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Probe into student visas

By Deborah Loh (From New Straits Times Online of Tuesday, March 14 2006)

PUTRAJAYA - The Immigration Department has suspended processing applications from Bangladeshis wanting to study in Malaysia until its officers nationwide have checked all private colleges to ensure compliance with visa rulings.
But what it has found out now is that Bangladeshis comprise more than half the total number of students enrolled at certain colleges in the Klang Valley and are absent from classes 80 per cent of the time.
A total of 745 applications for student visas from Bangladesh have been pending since January.
Department enforcement director Datuk Ishak Mohamed said it was difficult to prove the students were working illegally and only a handful of arrests had been made.
Ishak said four colleges had been under close watch since the beginning of the year for having an unusually large number of Bangladeshi students.
They are Kolej Plaza International, Rima College, Kolej Region and Kolej Gemilang.
Of Kolej Plaza International's 410 students, 337 or 81.9 per cent were Bangladeshis, he said. Kolej Gemilang's Bangladeshi population was 83.7 per cent of total enrolment, Kolej Region had 63.5 per cent and Rima College had 56.6 per cent.
"We have found that the majority do not attend classes 80 per cent of the time.
"However, we are not accusing the colleges as we don't have proof yet. We have to catch the students actually at work and we do not have enough manpower for this.
"We have asked the management of the colleges to monitor their students and they have given us verbal assurances that they will," Ishak said.
Attempts to get immediate responses from the colleges failed.
The Bangladeshis, all of whom have valid student visas, were mainly enrolled in diploma and certificate-level courses in computer science, business administration, business management, marketing and intensive English.
Yesterday, Home Affairs Minister Datuk Seri Radzi Sheikh Ahmad said many Bangladeshis worked here illegally having masqueraded as students. Malaysia stopped recruiting labour from Bangladesh in 2002.
However, there is a loophole in a provision which allows foreign students to work a maximum of 20 hours a week during semester breaks.
They may only work at petrol stations, kiosk stands and in hotels and restaurants, though not as front-liners.
Bangladeshi students are allowed this provision, even though the country is no longer recognised as a source country for labour.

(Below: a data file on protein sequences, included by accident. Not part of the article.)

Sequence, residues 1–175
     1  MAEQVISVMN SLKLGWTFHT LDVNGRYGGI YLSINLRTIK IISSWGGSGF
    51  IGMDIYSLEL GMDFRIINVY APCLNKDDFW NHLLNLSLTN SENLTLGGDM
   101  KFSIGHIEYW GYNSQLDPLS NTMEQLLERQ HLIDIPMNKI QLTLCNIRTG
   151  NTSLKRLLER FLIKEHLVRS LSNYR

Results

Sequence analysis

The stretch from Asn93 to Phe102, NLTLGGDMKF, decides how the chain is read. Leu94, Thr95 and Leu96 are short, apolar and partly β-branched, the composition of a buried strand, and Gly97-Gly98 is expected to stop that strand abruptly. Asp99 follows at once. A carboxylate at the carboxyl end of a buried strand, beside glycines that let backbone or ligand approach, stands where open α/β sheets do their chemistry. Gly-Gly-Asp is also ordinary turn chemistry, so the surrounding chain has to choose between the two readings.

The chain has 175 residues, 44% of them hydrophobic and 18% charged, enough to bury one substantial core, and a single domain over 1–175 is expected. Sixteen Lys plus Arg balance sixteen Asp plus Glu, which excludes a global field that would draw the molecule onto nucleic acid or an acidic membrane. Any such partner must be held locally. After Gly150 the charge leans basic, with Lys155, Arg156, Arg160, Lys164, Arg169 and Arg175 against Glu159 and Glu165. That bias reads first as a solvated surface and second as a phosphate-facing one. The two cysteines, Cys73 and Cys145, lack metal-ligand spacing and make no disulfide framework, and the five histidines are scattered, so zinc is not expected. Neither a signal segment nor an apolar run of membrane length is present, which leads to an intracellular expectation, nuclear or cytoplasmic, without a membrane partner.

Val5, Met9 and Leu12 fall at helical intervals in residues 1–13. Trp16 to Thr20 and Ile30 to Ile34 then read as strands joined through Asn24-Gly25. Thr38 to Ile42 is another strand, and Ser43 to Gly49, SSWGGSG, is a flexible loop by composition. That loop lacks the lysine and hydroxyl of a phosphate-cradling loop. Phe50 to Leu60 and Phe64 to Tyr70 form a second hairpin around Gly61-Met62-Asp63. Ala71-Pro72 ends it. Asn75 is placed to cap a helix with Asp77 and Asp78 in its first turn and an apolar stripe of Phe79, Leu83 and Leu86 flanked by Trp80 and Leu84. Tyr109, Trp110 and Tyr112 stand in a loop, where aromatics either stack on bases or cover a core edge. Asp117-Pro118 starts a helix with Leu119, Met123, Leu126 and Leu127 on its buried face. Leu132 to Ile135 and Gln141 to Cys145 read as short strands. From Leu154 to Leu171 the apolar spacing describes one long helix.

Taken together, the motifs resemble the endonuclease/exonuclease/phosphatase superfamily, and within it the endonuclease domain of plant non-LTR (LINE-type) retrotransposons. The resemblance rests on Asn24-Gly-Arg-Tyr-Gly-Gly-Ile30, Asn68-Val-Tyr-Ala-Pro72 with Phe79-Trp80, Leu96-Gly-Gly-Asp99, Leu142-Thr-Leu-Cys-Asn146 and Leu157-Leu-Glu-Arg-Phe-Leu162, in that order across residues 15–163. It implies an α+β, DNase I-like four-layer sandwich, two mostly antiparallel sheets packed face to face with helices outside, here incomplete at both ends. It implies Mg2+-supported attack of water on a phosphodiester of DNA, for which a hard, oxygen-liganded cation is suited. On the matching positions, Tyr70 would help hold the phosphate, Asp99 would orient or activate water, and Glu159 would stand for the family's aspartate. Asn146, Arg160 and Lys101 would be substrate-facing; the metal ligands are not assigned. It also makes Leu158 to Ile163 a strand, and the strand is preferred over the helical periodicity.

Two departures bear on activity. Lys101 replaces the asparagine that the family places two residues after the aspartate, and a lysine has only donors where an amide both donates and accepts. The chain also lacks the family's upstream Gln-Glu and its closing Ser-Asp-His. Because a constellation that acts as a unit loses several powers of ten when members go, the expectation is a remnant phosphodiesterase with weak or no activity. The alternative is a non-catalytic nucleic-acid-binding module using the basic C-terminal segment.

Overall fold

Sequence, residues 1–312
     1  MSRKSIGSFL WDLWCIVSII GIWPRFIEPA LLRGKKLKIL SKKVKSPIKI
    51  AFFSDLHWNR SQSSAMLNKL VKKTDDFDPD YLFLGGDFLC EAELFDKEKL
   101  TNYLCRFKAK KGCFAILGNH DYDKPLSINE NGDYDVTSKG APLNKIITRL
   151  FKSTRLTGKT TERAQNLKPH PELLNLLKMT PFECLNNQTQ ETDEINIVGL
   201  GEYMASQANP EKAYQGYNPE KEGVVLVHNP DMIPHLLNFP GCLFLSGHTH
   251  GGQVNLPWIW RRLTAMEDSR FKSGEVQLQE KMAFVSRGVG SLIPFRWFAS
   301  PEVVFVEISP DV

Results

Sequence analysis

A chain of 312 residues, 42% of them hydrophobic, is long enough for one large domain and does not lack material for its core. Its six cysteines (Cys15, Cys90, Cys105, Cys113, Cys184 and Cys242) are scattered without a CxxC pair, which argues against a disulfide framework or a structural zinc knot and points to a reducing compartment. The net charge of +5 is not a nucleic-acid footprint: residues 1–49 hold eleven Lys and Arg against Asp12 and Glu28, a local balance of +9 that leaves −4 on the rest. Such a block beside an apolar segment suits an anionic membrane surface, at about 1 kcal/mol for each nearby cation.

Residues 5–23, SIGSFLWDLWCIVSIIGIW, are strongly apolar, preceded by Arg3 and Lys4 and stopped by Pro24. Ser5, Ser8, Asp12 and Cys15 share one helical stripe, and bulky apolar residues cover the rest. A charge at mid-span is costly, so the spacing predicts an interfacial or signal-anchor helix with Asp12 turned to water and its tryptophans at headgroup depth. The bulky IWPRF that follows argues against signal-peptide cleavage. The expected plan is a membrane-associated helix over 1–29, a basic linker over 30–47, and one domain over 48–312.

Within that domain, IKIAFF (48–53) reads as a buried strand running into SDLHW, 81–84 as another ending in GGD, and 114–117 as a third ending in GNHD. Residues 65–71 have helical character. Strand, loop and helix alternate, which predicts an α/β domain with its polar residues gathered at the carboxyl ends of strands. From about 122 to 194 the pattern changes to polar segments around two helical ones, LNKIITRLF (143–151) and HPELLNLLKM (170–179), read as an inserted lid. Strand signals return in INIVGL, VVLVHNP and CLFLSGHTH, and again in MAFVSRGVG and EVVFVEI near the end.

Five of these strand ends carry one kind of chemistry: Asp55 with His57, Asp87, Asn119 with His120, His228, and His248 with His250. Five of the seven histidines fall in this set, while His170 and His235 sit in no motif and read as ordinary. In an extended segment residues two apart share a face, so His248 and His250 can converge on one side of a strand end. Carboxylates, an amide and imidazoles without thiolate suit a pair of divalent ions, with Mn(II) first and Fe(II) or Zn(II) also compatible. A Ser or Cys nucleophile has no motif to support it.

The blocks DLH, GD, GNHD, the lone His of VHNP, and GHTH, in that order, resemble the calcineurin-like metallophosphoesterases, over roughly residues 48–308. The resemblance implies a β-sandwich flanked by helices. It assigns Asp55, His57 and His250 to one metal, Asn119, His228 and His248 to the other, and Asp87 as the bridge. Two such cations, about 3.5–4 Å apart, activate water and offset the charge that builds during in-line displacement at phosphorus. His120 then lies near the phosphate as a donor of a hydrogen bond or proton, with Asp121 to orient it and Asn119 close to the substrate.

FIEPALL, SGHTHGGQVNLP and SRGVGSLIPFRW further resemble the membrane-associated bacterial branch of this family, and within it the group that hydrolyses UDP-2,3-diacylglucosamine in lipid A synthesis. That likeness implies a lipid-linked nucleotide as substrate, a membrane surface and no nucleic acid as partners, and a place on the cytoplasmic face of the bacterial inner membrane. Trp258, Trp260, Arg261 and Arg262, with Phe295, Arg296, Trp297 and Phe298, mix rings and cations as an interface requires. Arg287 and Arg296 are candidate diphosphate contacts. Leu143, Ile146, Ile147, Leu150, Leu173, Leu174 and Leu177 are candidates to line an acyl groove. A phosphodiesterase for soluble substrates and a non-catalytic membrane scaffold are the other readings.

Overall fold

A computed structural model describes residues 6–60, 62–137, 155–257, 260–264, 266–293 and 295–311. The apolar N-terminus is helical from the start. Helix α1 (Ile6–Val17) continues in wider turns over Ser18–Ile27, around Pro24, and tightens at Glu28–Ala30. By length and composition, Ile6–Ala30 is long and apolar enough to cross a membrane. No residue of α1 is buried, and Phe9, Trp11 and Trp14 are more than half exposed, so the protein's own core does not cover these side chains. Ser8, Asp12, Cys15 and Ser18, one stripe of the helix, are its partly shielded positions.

"Foreign students who want to work must apply to the Immigration Department with a letter of endorsement from their college here," Ishak said.

Underpaid, oversexed and over here

From Aljazeera.net of Monday 13 March 2006

Bangladeshi workers banned from Malaysia because local women find them too attractive are apparently now being smuggled in as students.
The workers enter the country on student visas under the pretence of learning English, a news report and an official said on Monday.
The New Straits Times quoted Radzi Sheikh Ahmad, the home affairs minister as saying on Sunday that the Bangladeshis come as students, only to work in low-paid menial jobs in the country. Rising economic prosperity has provided many Malaysians with white-collar jobs and low-paid positions are hard to fill.
Saiful Islam, a spokesman for Radzi, said Bangladeshi workers were banned from Malaysia two years ago, mainly because they were creating "social problems" by entering into romantic liaisons with local women.
He told The Associated Press that they were found to have harassed young women and eloped with married women, who apparently succumbed to their good looks and charms.
On Sunday, Radzi said Bangladeshi men look like Indian movie stars.
Most of the men, aged between 25 and 30, were recorded as studying English, he said.
"This is really fishy. The age bracket is suitable for employment. Bangladesh is an English-speaking country and it makes little sense for them to study English here.
"The abuse is glaring because Bangladeshis are not allowed to work here, but we can see hundreds working in construction sites and restaurants."
Radzi said most were brought by agents who made deals with colleges to bring in the workers as students, then place them for employment. He said his ministry was taking the necessary action to curb the practice.
He said: "I can assure you there are thousands of them. Of course, Malaysia is striving to be an education hub but abuse of provisions is something that cannot he tolerated."
The newspaper quoted Radzi as saying that at least two private colleges had enrolled more than 300 Bangladeshi nationals each, comprising more than half their international student body.
Malaysia allows foreign workers from only a few countries, including Indonesia, India, the Philippines and Sri Lanka.

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